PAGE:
Topeka Heaven helps those who help themselves, the adage says. But a little help from the state can go a long way, especially in rural development, a Kansas Senate panel has concluded.
The Senate Commerce subcommittee, led by Republican Sen. Nick Jordan of Shawnee, studied rural development during the past few months and issued a report as the 2003 session drew to a close.
Jordan wrote the report to help frame debate, expected later this year and in the next legislative session, on rural development as Kansas copes with recession and the effects of drought on agriculture.
Gov. Kathleen Sebelius promised during her campaign last year to call a rural development summit, and legislative leaders said finding ways to improve the rural economy was an important priority.
According to figures released by state Agriculture Secretary Adrian Polansky, drought cost Kansas farmers and ranchers at least $1.1 billion in 2002. Net farm income averaged $10,000 -- about $35,000 less than what is needed to pay living expenses and taxes.
Moreover, job creation from 1989 through 2000 averaged 2.4 percent in metropolitan parts of Kansas, 1.8 percent statewide and just 1.3 percent in rural areas.
The Senate panel's suggestions for rural Kansas include developing a long-range approach; developing rural leaders who are committed to a community's success and have expertise in helping entrepreneurs; avoiding duplication programs; and taking advantage of changing technology.
"Rural economic development is about sustainability," Jordan wrote. "Our goal in rural development shall be to help towns to help individuals and families be the best they can be at being themselves and providing for themselves in new, innovative ways."
Senate Commerce Chairwoman Karin Brownlee, R-Olathe, said existing efforts need to be given time to nurture development.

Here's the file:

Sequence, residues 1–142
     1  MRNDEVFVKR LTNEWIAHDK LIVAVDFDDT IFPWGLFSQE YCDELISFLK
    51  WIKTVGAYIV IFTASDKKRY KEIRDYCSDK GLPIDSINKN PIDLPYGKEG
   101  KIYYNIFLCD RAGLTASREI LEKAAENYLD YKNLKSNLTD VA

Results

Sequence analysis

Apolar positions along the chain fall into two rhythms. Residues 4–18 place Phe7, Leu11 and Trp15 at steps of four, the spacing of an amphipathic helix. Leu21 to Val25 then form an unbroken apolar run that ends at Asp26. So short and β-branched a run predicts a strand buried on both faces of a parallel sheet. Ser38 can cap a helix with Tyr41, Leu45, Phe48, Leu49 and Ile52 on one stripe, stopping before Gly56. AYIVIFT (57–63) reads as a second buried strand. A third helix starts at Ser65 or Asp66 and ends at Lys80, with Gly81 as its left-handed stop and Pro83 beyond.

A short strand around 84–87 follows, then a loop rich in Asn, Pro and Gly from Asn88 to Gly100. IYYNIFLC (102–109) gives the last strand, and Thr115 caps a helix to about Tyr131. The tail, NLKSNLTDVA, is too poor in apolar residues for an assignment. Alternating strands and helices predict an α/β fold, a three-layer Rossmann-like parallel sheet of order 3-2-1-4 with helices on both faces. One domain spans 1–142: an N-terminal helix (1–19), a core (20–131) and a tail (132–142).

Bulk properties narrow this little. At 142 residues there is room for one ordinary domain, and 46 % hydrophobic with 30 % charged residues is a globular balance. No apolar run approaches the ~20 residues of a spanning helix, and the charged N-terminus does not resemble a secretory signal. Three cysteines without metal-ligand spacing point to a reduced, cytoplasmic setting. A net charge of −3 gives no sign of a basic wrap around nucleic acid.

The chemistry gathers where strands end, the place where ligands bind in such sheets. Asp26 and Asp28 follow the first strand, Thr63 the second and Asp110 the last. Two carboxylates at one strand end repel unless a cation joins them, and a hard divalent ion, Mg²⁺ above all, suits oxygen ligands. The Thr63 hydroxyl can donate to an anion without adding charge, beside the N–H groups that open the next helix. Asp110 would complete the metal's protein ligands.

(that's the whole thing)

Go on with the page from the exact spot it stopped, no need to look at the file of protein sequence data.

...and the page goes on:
"I'm not sure legislation is the first thing needed," she said.
One such initiative -- the enterprise facilitation program, started in 2002 -- uses local expertise and resources to encourage entrepreneurs to start or expand business. Grants were awarded to five programs through community development block grants.
Under the program, local leaders are to identify potential entrepreneurs and connect them with the resources to get businesses running. The goal is 10 to 15 new businesses in each region each year, with the program eventually becoming self-sufficient.
Brownlee and Jordan said their experience watching Johnson County flourish with private-public partnerships gave them hope for rural areas.
"You can create synergies in a community with just a few people," Brownlee said. "Hopefully, this will light a fire."
Sen. Jay Emler, R-Lindsborg, a member of the subcommittee, said he was struck by the number of programs available to encourage economic activity in rural Kansas. But the results could be better, he added.
"It seems to me that we don't have a focal point to help entrepreneurs tap into and use the resources," he said.
Emler cited the city of McPherson as an example of the benefits of economic diversity. The presence of a large plastics company helps the community weather tough times in agriculture, he said.
In the report, Jordan wrote that rural development was as much about sustaining a quality of life as creating jobs.
"Much of our efforts in rural areas have been focused on attracting manufacturing or commodity production in agriculture," he wrote.
"However, when we probe further, we usually find that the more precise goal is that current residents wish that they, their family and their friends could more easily find the economic means to stay in the community, while achieving an improved standard of living."
Jordan said that goal requires creating a stable work force -- farm and nonfarm -- to sustain a community's demand for goods and services and preserve the quality of rural life.
"I hope we come back next session and don't dilly dally," Jordan said. "We need to do more than just lip service."
|¢ Develop a long-range approach to economic development¢ Develop rural leaders who are committed to a community's success and have expertise in helping entrepreneurs.¢ Avoid duplicating programs.¢ Take advantage of changing technology, including the Internet.¢ Examine how to make capital more available to entrepreneurs.¢ Develop a mechanism for receiving large donations for community projects and help create a statewide, regional or local foundation to fund projects in rural communities.¢ Develop stronger relationships with the state universities, community colleges and other schools.¢ Develop a program to encourage the purchase and renovation of downtown buildings in rural communities, perhaps by developing heritage districts with special tax breaks.¢ Examine tax and other policies to reduce barriers for entrepreneurs.¢ Encourage better rural air transportation.|